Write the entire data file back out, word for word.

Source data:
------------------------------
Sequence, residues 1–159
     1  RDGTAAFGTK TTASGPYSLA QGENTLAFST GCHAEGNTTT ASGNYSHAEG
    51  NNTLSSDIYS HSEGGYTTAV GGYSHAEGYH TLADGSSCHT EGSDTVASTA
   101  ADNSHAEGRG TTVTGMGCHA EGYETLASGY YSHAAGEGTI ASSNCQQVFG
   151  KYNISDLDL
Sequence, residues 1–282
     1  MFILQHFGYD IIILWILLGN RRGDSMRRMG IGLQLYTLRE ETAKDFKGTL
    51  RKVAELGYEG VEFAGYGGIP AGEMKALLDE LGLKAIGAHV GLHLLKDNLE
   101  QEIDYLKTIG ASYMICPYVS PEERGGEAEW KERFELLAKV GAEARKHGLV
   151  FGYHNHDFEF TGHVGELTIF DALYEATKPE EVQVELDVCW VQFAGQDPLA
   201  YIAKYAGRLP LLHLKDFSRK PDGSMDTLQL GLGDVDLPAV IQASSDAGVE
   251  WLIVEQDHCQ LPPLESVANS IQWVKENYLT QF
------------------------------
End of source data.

Sequence, residues 1–159
     1  RDGTAAFGTK TTASGPYSLA QGENTLAFST GCHAEGNTTT ASGNYSHAEG
    51  NNTLSSDIYS HSEGGYTTAV GGYSHAEGYH TLADGSSCHT EGSDTVASTA
   101  ADNSHAEGRG TTVTGMGCHA EGYETLASGY YSHAAGEGTI ASSNCQQVFG
   151  KYNISDLDL
Sequence, residues 1–282
     1  MFILQHFGYD IIILWILLGN RRGDSMRRMG IGLQLYTLRE ETAKDFKGTL
    51  RKVAELGYEG VEFAGYGGIP AGEMKALLDE LGLKAIGAHV GLHLLKDNLE
   101  QEIDYLKTIG ASYMICPYVS PEERGGEAEW KERFELLAKV GAEARKHGLV
   151  FGYHNHDFEF TGHVGELTIF DALYEATKPE EVQVELDVCW VQFAGQDPLA
   201  YIAKYAGRLP LLHLKDFSRK PDGSMDTLQL GLGDVDLPAV IQASSDAGVE
   251  WLIVEQDHCQ LPPLESVANS IQWVKENYLT QF